Sunday, November 17, 2019

Current Trends in the War on Terror Essay Example for Free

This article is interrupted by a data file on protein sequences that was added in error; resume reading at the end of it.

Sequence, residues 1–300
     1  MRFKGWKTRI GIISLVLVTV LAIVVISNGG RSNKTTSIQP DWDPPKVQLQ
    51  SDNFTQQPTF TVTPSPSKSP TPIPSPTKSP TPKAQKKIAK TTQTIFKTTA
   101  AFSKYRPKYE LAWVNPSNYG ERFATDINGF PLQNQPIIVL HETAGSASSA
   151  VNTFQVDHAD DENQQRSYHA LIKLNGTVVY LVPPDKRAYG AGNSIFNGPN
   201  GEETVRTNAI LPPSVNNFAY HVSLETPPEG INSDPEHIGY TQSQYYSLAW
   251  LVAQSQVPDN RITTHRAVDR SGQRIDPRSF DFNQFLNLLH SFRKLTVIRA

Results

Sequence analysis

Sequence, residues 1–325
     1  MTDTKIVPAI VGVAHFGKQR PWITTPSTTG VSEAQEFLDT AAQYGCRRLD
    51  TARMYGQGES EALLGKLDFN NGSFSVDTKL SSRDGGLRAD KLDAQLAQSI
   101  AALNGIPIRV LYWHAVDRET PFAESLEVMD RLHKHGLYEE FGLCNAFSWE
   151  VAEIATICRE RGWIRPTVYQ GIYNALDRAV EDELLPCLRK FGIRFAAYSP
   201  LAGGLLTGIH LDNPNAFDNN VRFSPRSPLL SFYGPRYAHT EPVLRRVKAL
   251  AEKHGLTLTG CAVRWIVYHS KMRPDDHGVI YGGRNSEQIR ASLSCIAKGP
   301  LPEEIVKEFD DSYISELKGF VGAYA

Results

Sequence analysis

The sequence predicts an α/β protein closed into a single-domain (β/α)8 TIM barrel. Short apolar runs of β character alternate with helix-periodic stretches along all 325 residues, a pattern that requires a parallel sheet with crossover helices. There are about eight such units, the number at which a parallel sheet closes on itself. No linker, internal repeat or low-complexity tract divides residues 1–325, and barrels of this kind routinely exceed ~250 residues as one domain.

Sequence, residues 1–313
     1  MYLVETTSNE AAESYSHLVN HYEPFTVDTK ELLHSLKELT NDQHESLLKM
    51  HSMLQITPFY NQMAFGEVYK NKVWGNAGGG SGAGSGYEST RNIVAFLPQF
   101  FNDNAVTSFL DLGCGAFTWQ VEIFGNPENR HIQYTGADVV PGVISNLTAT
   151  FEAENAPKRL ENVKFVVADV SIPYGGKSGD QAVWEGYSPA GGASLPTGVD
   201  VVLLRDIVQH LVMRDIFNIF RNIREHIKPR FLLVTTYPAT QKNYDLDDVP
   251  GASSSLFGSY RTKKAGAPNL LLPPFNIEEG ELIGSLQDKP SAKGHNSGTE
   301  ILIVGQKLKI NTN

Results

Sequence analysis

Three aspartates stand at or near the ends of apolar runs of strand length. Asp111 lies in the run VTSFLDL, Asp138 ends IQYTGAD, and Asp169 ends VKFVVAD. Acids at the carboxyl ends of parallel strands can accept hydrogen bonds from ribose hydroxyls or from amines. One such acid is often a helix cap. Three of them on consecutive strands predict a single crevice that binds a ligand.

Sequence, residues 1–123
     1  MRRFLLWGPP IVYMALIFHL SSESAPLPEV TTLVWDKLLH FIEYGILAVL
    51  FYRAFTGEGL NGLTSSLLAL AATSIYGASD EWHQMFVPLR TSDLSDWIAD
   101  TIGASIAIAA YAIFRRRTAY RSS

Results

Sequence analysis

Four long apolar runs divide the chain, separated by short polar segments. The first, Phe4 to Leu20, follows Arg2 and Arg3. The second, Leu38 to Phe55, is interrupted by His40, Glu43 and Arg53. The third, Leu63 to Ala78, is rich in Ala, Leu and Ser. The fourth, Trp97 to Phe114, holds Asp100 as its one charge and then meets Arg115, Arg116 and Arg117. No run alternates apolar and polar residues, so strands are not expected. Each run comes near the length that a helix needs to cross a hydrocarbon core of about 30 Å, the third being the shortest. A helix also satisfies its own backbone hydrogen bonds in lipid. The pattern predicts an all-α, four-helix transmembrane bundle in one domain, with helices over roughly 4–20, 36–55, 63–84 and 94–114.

Current Trends in the War on Terror Essay As the world is cowering in terror from the 9/11 attacks and the bombing incidents in Indonesia and other parts of the world, the world’s attention is shifted now to where the attacks may occur next and what can be done to address the situation. Some suggest that the answer lies in being able to suppress and perhaps eliminate all of the terrorist cells all over the world. The problem there, however, is that any attack that is targeted at eliminating terrorist cells would necessarily involve any host country where they may be located and in any Middle Eastern country, such an attack could prove disastrous (Campbell Flourney 372). The more practical and ideal solution to this problem therefore lies at a more fundamental level; a more basic level wherein the country has more controls and no international liability (Kochler 37). The solution to this problem is by improving border security in order to prevent the occurrence of these terrorist attacks while the international community seeks for answers to address this problem at a global scale. At this point in time, domestic policies would be the best option in fighting the war against terror. This short discourse will therefore seek to shed light on the issue of terrorism and the crucial role that the border security plays in such. To gain a better understanding of the problem, it is important to first analyze the current trends that have been taken relative to border security to ensure the safety of the public from terrorist attacks. This will then be supplemented by an explanation on how border security can take an even larger role. The most crucial aspect in relation to border security and its role in the war against terror concerns the aviation industry. Since the 9/11 attacks, the public confidence with regard to air travel has greatly been shaken (Taylor 2). The attacks had the effect of sending a message that now, even airplanes could be used as missiles to target buildings regardless of whether there were people on board the aircraft of not. Every plane crash that is reported on the news is suspected to have been caused by a terrorist attack rather than just an equipment malfunction or a pilot error. In response to these attacks, security has been considerably increased in airports all over the world. Every passenger is now subject to a full body search and every hand carried and checked in item is thoroughly inspected for any suspicious objects that can either cause an explosion or aid a hijacker in gaining control over the aircraft (Campbell Flourney 52). The impact has not been limited to airport security as even airplane manufacturers and airlines have resorted to installing devices and taking precautions with regard to what to do in case an airplane is hijacked. One of the safety measures that have been suggested and is highly debated is the issuing of arms for the pilots so that they may be able to defend themselves against any terrorist hijackers that are able to force themselves into the cockpits (Lott 1). The current controversy with regard to airline security concerns the proposal to equip the pilots of airplanes with weapons in order to protect themselves from any hijackers that manage to enter the cockpit (Taylor 2). This proposal is of course faced with a lot of opposition because of the implications of allowing pilots to be armed in aircrafts. There is a lot of concern with regard to the security of the other passengers on board just in case the armed pilots do decide to turn on the other co-pilots and hijack the aircraft themselves or hold passengers as hostages for whatever purpose. The proponents for arming the pilots argue that it is the best option because the pilots need to defend themselves against the terrorist hijackers (Keeler 151). The problem with this is that it negates the training of the pilots which is that in times such as hijackings they are not supposed to deal with the terrorists but instead secure the cockpit and land the plane as soon as possible (Will 1). The concern here is that the plane should be landed right away in order to protect not only the passengers but also the people on the ground who may become targets or victims as the 9/11 experience has shown. The duty of the pilot is not concern himself with whatever goes on in the cabin but instead make sure that the plane is safely on the ground where there are more units who can deal with the situation properly. Pilots are not adequately trained to deal with hijacking situations in terms of dealing directly with the terrorist hijackers (Will 1). Another argument for the arming of the pilots is that such a measure is only designed to protect the pilots from terrorist hijackers who succeed in gaining entry into the cockpit (3). While there as some merit to this precautionary measure, there is no guarantee that the armed pilots will do just that. There are instances when certain people, pilots included, enter a â€Å"cowboys or renegade† mode (Will 1). Most of the pilots have received a degree of military training as fighter pilots and there is some truth to the profiling of fighter pilots â€Å"live wires and risk-takers† (Will 1). The end result in these situations could be that instead of protecting the cockpit and landing the plane like they are supposed to, a number of these former fighter pilots could engage the terrorist hijackers.

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